Diagnostic imaging is important in the medical field because it allows doctors to identify and understand diseases. The field of Nuclear Medicine is an exciting area of medical technology. Unlike other diagnostic methods that measure changes in organ structure, Nuclear Medicine examines metabolic changes to identify and understand problems. Through the purification and compounding of radionuclides, unstable atoms that emit radiation, radiopharmaceuticals are formed. Adhering to strict safety guidelines, Nuclear Medicine Technologists administer radiopharmaceuticals to patients in a localized area of the body, and take diagnostic images of their function. Abnormal areas will show higher levels of radioactivity.
Faster than average job growth and excellent salary makes the field of Nuclear Medicine very competitive. Job opportunities are best for those who are trained in multiple disciplines within the field. Technologists can specialize in nuclear cardiology or position emission tomography, also referred to as PET. Nuclear cardiology involves myocardial perfusion imaging, in which patients will exercise so techs can take images of blood flow to the heart. PET specialists take 3D images of the body using specialized camera equipment. 66% of Nuclear Medicine Technologists work in hospitals. Others are employed in physician’s offices, medical and diagnostic labs, and diagnostic imaging centers.
The field of Nuclear Medicine technology offers a competitive salary. Most techs earn between $57,270 and $78,240. Higher salaries are seen for those that are trained in multiple diagnostic methods. According to the Bureau of Labor Statistics, the lowest 10 percent earned an annual salary of $48,450, and the highest 10 percent earned $87,770. Median annual salary for a Nuclear Medicine Technologist is $66,320.*
*According to the BLS, http://www.bls.gov/oco/
Job Description and Outlook
Nuclear Medicine Technologists prepare and administer radiopharmaceuticals. They operate camera equipment that detects the radioactive drug and creates diagnostic images that doctors then interpret. Techs work closely with patients, explaining test procedures and positioning them on the camera. They care for patient’s records, and keep close account of the amount and type of radiopharmaceuticals used. Because they work with radioactive drugs, techs adhere to strict safety guidelines, to ensure that exposure to radiation is as low as possible. They wear badges that measure their radiation levels; however the strict safety guidelines ensure that measurements never exceed safety levels.
The Bureau of Labor Statistics reports faster than average job growth for Nuclear Medicine Technologists, with employment increasing by 16% from 2008-2018. The development of new technology, and increasing number of elderly people, will increase the demand for techs. However, the costly price of technology may affect a hospital’s ability to invest. Despite the growth, a low number of job openings may cause the number of qualified applicants to exceed the number of jobs available, causing the field to be highly competitive. For this reason, it is important for techs to diversify and become trained in a number of diagnostic methods. Diagnostic methods include radiologic technology, nuclear cardiology, or diagnostic medical sonography.*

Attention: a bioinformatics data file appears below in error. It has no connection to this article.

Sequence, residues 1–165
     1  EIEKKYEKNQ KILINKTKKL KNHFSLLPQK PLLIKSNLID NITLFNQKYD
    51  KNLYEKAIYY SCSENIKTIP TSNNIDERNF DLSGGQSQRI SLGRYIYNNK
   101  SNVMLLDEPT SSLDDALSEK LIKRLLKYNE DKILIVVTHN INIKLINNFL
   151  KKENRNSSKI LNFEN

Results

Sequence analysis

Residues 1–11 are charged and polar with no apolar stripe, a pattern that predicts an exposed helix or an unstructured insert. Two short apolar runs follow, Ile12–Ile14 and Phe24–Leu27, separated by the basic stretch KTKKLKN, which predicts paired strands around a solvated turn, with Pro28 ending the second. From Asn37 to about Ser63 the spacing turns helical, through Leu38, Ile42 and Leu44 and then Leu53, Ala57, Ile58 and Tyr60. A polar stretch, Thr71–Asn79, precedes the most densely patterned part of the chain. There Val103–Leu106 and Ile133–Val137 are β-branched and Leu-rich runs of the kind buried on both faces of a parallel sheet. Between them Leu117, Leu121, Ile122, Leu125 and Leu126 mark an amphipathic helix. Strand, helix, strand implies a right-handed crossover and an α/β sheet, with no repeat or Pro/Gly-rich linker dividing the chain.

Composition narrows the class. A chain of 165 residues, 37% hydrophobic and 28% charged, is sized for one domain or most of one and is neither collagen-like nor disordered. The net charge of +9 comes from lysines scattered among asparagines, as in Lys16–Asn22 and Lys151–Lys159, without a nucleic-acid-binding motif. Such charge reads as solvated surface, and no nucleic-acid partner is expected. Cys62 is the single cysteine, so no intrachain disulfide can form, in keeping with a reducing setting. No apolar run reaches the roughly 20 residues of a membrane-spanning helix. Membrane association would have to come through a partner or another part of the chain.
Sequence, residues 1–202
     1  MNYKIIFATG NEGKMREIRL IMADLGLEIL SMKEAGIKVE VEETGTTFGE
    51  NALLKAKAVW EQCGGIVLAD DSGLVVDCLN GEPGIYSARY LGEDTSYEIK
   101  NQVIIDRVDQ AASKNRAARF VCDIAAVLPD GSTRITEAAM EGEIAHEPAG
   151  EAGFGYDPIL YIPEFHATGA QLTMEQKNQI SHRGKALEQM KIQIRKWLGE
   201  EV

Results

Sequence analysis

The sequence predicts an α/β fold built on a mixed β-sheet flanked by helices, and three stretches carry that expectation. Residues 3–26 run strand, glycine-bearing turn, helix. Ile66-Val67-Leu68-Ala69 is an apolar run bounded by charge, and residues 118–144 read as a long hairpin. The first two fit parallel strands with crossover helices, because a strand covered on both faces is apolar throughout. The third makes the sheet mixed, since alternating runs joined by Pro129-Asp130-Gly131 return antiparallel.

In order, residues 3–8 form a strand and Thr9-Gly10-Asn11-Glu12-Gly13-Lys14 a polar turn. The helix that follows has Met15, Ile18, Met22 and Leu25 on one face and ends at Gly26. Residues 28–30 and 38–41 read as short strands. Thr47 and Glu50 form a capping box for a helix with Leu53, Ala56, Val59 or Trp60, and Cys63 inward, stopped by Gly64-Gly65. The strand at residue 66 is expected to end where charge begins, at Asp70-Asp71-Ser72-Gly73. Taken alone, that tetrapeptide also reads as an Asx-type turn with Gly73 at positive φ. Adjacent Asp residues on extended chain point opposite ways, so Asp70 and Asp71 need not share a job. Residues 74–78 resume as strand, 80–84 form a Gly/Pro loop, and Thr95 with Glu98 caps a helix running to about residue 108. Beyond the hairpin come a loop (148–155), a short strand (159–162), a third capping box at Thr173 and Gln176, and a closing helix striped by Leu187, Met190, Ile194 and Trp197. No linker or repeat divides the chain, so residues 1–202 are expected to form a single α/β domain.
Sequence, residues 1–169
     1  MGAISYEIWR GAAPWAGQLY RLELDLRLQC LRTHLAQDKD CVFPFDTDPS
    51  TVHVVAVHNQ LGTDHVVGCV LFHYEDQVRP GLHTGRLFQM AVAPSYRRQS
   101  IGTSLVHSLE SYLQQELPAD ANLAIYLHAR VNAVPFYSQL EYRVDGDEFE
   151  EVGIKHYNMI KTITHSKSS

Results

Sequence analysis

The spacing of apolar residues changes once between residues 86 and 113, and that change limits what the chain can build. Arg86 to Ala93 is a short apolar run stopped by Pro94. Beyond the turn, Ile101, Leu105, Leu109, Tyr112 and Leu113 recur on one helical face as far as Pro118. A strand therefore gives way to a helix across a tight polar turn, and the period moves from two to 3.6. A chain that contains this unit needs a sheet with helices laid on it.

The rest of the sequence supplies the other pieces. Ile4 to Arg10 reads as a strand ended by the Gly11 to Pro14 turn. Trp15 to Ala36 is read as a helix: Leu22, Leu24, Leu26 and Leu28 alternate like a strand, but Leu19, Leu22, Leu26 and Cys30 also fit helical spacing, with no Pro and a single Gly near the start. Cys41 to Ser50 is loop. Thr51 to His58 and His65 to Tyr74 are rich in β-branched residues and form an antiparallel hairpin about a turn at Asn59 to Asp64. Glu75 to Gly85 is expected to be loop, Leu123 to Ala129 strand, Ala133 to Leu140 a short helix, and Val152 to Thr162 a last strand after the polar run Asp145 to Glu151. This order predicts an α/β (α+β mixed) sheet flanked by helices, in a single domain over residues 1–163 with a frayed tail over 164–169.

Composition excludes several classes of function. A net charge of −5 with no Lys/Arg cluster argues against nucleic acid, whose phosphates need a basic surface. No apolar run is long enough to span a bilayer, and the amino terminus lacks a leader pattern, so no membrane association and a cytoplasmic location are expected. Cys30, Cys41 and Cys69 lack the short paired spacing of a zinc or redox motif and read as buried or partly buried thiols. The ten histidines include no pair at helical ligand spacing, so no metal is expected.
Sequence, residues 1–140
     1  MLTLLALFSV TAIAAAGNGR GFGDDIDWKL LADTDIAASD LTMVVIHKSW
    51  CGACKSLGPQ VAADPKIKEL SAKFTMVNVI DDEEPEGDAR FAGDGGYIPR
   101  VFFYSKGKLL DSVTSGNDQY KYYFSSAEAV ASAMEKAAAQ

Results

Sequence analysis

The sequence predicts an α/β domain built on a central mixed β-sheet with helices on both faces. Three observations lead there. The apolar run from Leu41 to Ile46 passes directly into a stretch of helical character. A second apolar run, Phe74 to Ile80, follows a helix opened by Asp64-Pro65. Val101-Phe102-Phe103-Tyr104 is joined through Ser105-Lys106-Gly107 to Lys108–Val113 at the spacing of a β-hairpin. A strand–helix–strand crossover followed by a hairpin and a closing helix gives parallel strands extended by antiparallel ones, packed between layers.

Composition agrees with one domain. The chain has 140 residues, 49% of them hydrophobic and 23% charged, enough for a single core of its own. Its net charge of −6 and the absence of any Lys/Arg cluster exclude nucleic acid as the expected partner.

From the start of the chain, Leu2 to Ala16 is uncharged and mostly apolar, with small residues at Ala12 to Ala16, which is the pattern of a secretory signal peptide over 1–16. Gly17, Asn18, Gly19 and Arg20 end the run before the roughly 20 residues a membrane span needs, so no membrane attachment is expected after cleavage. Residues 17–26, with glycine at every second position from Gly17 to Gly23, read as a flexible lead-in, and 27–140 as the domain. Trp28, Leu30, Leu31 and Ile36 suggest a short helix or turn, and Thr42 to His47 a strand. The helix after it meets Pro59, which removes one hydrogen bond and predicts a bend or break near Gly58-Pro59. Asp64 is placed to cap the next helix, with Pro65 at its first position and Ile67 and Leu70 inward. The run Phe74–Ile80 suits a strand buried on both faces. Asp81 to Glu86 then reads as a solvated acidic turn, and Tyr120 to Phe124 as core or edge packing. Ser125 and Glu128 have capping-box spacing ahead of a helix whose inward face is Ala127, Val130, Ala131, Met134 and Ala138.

*According to the BLS, http://www.bls.gov/oco/
Training and Education Requirements
Receiving an education in Nuclear Medicine Technology means committing to 1-4 years of schooling in an accredited program. Programs are accredited through the Joint Review Committee on Education Programs in Nuclear Medicine Technology. Techs can decide to receive their certificate, associates, or bachelor’s degree. Certificate programs are generally offered through hospitals, associate’s degrees are earned in community colleges, and bachelor’s degree are earned at 4-year colleges and universities. Those who wish to earn their certificate generally have their degree and are working in the medical field, but wish to specialize in nuclear medicine.
Students studying nuclear medicine will take courses that focus heavily in the physical sciences. Techs will also study the biological effects of radiation exposure, radiation protection procedures, and the use of radiopharmaceuticals. Students will learn imaging techniques, as well as computer applications.
Certification is voluntary; however it is quickly becoming the standard. Many states and employers require Nuclear Medicine Technologists to be certified or licensed. In order for health care facilities to receive reimbursement for imagine procedures, many third party payers require that techs be certified. Certification requirements are state specific, so it is important for techs to understand the requirement of the state in which they choose to work.
Certification can be earned through two separate entities. Some technologists become certified through both. The American Registry of Radiologic Technologists and the Nuclear Medicine Technology Certification Board both have comprehensive exams that techs need to pass to obtain their certification. Remaining certified requires continuing education courses, as practices and technology within the field continue to change.
As with any field of employment, professional associations are available to Nuclear Medicine Technologists. Professional associations are important to career growth, staying connected, and receiving news and information about changes within the field. For Nuclear Medicine Technologists, there are two professional associations, the Society of Nuclear Medicine Technologists, and the American Registry of Radiologic Technologists. Becoming a member of one or both of these organizations is important for career advancement and remaining connected to others within the field.
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